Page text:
Build Your Own Annuity

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Build Your Own Annuity

Postby Mel Lindauer » Fri Mar 01, 2013 1:13 pm

Hi Everyone:

This Forbes column was inspired by a recent discussion on the forum about building your own annuity. I incorporated some of the ideas from that discussion and combined them with some of my own thoughts.

http://www.forbes.com/sites/theboglehea ... n-annuity/
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Re: Build Your Own Annuity

Postby Austintatious » Fri Mar 01, 2013 2:21 pm

Mel,

thanks very much for this article. Looks to me like an especially good option, offering the security of an annuity backed by the full faith and credit of the government (instead of relying on the solvency of an insco) plus having the feature of being able to pass on to one's heirs the remainder of the "corpus" in the event of the investor's death. What's not to like? I notice that you've not suggested that I Bonds for such an investment. Would you consider I Bonds a suitable vehicle for this kind of investor built "annuity" and, if not, why not? Thanks again.
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Re: Build Your Own Annuity

Postby Chan_va » Fri Mar 01, 2013 2:34 pm

Nice article Mel.

On the EE vs Ibonds to do this, the effective rate on an EE bond held to maturity is 3.5%. So your decision would be based on if you expect CPI over the next 30 years to average less or more than the EE rate.

Of course you could hedge and have a 50/50 EE Ibond spilt.
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Re: Build Your Own Annuity

Postby Mel Lindauer » Fri Mar 01, 2013 2:39 pm

Austintatious wrote:Mel,

thanks very much for this article. Looks to me like an especially good option, offering the security of an annuity backed by the full faith and credit of the government (instead of relying on the solvency of an insco) plus having the feature of being able to pass on to one's heirs the remainder of the "corpus" in the event of the investor's death. What's not to like? I notice that you've not suggested that I Bonds for such an investment. Would you consider I Bonds a suitable vehicle for this kind of investor built "annuity" and, if not, why not? Thanks again.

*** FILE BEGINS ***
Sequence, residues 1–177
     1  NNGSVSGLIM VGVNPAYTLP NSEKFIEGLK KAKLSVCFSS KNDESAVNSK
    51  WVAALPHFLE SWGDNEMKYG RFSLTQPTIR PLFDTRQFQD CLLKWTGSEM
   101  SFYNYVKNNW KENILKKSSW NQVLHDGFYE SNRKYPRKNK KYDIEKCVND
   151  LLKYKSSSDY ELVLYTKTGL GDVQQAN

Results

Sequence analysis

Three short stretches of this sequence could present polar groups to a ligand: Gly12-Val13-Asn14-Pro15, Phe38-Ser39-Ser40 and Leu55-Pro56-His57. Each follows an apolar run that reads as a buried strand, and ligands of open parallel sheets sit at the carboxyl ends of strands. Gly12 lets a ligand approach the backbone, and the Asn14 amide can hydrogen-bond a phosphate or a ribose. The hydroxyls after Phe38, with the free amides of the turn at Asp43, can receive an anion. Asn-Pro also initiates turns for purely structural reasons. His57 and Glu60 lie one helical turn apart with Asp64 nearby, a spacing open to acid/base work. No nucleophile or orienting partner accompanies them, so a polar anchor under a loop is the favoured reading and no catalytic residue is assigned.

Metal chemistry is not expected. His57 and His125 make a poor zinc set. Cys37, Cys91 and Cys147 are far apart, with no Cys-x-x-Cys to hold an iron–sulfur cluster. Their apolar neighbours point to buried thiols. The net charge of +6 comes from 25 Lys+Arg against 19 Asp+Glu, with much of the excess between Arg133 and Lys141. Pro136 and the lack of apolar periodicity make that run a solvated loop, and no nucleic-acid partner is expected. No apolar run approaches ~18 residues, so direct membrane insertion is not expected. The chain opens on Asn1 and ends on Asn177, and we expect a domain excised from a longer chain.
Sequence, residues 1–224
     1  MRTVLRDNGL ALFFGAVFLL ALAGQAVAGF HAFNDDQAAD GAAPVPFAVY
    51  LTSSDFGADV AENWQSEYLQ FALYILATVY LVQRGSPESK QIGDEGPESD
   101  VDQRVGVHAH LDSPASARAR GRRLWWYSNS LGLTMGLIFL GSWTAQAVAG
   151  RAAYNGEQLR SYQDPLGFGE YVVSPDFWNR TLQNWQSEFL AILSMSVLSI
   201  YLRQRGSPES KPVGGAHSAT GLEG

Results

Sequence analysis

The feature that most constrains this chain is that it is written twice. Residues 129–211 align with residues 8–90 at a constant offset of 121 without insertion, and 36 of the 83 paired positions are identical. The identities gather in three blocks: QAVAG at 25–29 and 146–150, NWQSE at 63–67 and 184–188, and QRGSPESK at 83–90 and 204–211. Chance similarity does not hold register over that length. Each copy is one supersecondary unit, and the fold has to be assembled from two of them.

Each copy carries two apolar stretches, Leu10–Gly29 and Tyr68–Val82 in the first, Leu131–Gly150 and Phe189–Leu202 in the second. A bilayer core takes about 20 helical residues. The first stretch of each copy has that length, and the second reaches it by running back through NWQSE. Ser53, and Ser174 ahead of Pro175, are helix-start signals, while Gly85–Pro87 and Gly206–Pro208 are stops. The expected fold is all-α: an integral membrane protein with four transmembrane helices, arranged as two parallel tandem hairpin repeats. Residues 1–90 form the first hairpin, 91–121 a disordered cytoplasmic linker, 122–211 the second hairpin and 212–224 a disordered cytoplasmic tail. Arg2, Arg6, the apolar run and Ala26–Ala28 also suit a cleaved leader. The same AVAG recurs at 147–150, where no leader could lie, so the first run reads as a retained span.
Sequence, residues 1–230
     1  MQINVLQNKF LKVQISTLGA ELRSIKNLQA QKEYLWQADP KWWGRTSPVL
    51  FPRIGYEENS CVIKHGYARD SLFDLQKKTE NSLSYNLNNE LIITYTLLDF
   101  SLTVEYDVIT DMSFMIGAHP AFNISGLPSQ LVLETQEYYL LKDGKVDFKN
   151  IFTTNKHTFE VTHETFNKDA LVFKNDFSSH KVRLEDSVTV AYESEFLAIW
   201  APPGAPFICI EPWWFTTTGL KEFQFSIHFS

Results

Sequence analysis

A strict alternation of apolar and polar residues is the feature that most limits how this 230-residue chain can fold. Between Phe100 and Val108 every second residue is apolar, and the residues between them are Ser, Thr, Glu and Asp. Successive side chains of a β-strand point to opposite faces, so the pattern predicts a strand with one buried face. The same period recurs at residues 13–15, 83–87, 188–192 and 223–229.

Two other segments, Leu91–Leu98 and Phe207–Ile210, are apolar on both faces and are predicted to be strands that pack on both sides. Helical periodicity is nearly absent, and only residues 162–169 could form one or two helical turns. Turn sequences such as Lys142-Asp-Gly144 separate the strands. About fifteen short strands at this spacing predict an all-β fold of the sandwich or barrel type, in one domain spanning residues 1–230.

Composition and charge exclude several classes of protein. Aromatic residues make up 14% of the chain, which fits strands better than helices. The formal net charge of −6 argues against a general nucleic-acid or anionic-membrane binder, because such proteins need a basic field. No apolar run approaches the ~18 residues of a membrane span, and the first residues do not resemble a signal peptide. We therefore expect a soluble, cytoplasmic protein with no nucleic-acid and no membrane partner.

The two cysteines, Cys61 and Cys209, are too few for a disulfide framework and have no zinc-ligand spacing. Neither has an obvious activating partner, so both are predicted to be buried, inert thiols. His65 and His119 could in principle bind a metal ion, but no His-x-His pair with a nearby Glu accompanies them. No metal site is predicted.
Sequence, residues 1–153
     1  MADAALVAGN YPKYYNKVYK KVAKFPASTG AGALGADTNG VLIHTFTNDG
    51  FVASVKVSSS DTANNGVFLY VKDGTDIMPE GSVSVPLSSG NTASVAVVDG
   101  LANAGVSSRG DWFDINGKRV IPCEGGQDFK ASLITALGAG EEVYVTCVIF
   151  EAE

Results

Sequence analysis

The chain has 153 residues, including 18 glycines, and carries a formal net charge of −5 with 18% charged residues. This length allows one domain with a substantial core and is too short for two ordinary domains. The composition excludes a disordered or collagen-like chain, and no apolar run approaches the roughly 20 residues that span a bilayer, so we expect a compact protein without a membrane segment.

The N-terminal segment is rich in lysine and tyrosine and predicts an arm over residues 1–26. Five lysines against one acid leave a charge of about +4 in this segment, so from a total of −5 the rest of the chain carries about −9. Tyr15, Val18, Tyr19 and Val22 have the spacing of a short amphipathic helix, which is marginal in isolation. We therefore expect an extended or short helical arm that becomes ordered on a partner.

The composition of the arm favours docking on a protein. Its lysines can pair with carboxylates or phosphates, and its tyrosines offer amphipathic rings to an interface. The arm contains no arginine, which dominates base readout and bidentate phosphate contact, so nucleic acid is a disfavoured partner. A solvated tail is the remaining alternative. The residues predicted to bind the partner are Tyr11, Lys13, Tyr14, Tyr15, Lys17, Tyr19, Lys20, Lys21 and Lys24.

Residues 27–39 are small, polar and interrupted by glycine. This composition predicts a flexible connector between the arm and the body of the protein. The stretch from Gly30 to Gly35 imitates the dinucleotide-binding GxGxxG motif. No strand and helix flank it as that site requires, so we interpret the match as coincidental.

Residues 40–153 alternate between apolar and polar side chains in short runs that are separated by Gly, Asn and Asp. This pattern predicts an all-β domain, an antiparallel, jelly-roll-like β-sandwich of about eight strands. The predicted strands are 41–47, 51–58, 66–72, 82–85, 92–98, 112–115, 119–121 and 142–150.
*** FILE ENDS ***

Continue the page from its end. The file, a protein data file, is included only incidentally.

As everyone knows, I've been a huge fan of I Bonds, and still am, given today's low-interest rate environment. However, they're not guaranteed to double in 20 years like the EE Bonds, so their return is unknown. However, if an investor had enough additional funds available after buying the guaranteed doubling of the EE Bonds, I Bonds might be a nice supplement. And, if conditions change to make I Bonds more favorable down the road, one can always switch to buying I Bonds instead of EE Bonds while building their annuity ladder.
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Re: Build Your Own Annuity

Postby Mel Lindauer » Fri Mar 01, 2013 2:44 pm

Chan_va wrote:Nice article Mel.

On the EE vs Ibonds to do this, the effective rate on an EE bond held to maturity is 3.5%. So your decision would be based on if you expect CPI over the next 30 years to average less or more than the EE rate.

Of course you could hedge and have a 50/50 EE Ibond spilt.


Yes, given today's low inflation rate, and the long-term average inflation, it seems hard to beat a guaranteed 3.5%. However, things can certainly change over the 20 or 30-year period, so one could easily switch to purchasing I Bonds instead of EE Bonds as part of their annuity ladder if conditions do change to make I Bonds more attractive down the road.
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Re: Build Your Own Annuity

Postby Grt2bOutdoors » Fri Mar 01, 2013 2:52 pm

Oh, no! I'd better rush out and buy up the EE's now! Once the boy wonders over at Treasury read this, they'll likely up the number of years needed to double the bonds, thereby cutting the return! :oops: